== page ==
Beacon of light

30 Oct 2020

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The writer is a member of staff.
The writer is a member of staff.

THESE are indeed dark times. The world remains in the grip of a deadly pandemic that shows few signs of abating. Moreover, economic, political and ethno-religious crises continue to rage, as humankind looks for a way out, for a better tomorrow.

As the world in general continues to broil in this toxic mix of mostly man-made calamities, we in Pakistan face our own particular crises. Like the rest of the world we are not immune to the effects of Covid-19 or the attendant economic turbulence. But a recent spate of events — political instability, the Motorway tragedy, rampant cases of child abuse — point to our own considerable failings as a society.

It would be easy to drone on and on about all that is wrong with us and the world around us. But as the Quran instructs, “So, verily, with every difficulty, there is relief:” (Surah As-Sharh). And following in the Quranic spirit, we look to the greatest exemplar, the Insaan-i-Kaamil, the Holy Prophet of Islam (PBUH), whose birth is being celebrated today, to find a way out of these dark times. For it is the Almighty that has dubbed the Noble Prophet “a beacon of light” or a “shining lamp” (Sirajum munira) in Surah Ahzab, that dispels the clouds of darkness and despair through the Nur-i-Muhammadi.

Today, there will be celebrations throughout the country, and indeed, throughout the world. But do believers actually stop to think about how much of the “excellent example” that is the Noble Prophet’s character, we follow in our own lives? Some religious circles insist on adopting many outward aspects of the Sunnah — growing a beard, wearing a certain kind of attire, using miswak etc. But have we thought about the deeper, batini aspects of his Sunnah that can be adopted, such as compassion, contemplation, and forgiveness, that have the potential to transform ourselves and our society?

The example of the Holy Prophet (PBUH) is before us to find a way out of darkness.

Take, for example, the Holy Prophet’s treatment of women and children. Can we, who claim to love and follow him, honestly stake such a claim when we look at the state of women and children in our society?

Among the Ummahatul Momineen,the Holy Prophet’s wives, Bibi Khadija holds a prominent place. A noble lady of great wealth, she stood by the Messenger in the most testing of times due to her great belief in her husband and his message. Indeed, the marriage between Bibi Khadija and the Messenger was an example of how domestic relations should be conducted.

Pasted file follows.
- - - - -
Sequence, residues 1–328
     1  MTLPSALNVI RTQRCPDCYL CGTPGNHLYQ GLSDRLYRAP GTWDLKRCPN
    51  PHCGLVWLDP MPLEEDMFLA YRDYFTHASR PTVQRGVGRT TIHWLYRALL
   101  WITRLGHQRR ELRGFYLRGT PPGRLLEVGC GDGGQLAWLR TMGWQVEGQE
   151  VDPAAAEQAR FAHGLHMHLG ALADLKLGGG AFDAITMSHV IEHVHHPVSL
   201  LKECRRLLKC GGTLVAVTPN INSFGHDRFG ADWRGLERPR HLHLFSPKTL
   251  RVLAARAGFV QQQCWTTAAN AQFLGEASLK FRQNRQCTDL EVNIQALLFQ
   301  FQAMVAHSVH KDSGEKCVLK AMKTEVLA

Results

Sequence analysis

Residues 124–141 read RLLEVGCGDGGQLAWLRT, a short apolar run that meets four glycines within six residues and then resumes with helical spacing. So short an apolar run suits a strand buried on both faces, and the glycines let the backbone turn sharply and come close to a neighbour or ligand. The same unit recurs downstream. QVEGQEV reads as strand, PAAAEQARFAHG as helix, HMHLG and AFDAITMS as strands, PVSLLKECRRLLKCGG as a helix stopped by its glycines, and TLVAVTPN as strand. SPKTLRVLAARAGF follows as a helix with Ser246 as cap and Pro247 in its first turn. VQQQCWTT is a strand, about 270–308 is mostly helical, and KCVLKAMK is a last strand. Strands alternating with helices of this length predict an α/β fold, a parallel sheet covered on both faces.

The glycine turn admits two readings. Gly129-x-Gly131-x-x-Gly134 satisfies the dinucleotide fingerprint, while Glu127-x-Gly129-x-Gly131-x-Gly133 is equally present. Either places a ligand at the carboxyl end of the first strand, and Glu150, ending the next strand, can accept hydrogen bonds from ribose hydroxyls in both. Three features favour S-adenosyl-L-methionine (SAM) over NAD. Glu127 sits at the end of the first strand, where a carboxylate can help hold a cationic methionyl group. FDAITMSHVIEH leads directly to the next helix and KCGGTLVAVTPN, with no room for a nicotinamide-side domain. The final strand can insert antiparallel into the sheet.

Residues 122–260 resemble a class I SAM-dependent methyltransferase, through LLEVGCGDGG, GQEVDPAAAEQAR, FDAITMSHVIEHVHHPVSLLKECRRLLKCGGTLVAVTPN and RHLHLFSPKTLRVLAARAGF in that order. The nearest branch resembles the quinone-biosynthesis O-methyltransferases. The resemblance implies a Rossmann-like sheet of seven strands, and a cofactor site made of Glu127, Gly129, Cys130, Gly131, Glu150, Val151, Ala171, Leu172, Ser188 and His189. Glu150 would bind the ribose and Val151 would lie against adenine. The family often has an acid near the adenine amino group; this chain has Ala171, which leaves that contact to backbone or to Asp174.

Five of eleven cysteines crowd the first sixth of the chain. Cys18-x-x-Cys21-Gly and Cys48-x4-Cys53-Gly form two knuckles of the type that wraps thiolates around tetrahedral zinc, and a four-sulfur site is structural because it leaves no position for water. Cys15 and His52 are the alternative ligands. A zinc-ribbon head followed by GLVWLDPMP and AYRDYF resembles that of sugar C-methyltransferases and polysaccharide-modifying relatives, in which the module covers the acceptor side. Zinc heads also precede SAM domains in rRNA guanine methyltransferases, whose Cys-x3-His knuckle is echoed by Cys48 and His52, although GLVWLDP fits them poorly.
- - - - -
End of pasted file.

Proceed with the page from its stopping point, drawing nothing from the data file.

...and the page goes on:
In the books of Seerah, we find nothing but respect and affection coming from the Prophet for this noble lady, a testament to her lofty character. In fact, when she left this mortal world, the year became known as Aam al Huzn (The year of sorrow) for in the space of this one year the Holy Prophet had lost two of his most steadfast supporters in Makkah: Bibi Khadija and his uncle Hazrat Abu Talib.

If those who believe in the Prophet in this country and beyond try to replicate the respect and affection the Messenger showed to his spouse, the lives of Muslim women could improve considerably. Instead, we cling to outdated notions of ‘honour’ and tribal customs to dictate our domestic affairs.

Coming to how the Messenger treated children, the affection he showered upon his daughter Bibi Fatima Zehra is exemplary. While the pagans of Makkah taunted the Messenger for being ‘issueless’ as none of his male children survived into adulthood, the Almighty saw things differently. Referring to Bibi Fatima, in Surah Kauthar the Quran says “...We have given thee Abundance” while in the same Surah declaring that the Prophet’s enemies are “without posterity”.

As recorded in hadith, the Noble Messenger show­ered great affec­tion upon Bibi Fatima, standing up to greet her whenever she entered the room, declaring that “Fatima is a part of me, and he who makes her angry, makes me angry” (Bukhari).

Again, we, who follow the Prophet, need to ask ourselves how we treat our girl children. Unfortunately, like in the days of ignorance, the preference for male offspring makes many in this society neglect girl children when it comes to health, education and even nutrition. If we really wanted to show our love for the Prophet, there would be next to no street children roaming our cities and towns, susceptible to abuse. The state, or conscientious citizens, would have ensured that these most vulnerable members of society would have safe spaces where their childhood could be protected. Certainly, there is much distance to cover when it comes to practising what we preach.

While celebrations are great, and indeed an expression of our inner joy, let us also try and emulate the Holy Prophet in how he treated those around him, by adopting the ethical model he has left in the shape of his lofty personality.

The writer is a member of staff.

Published in Dawn, October 30th, 2020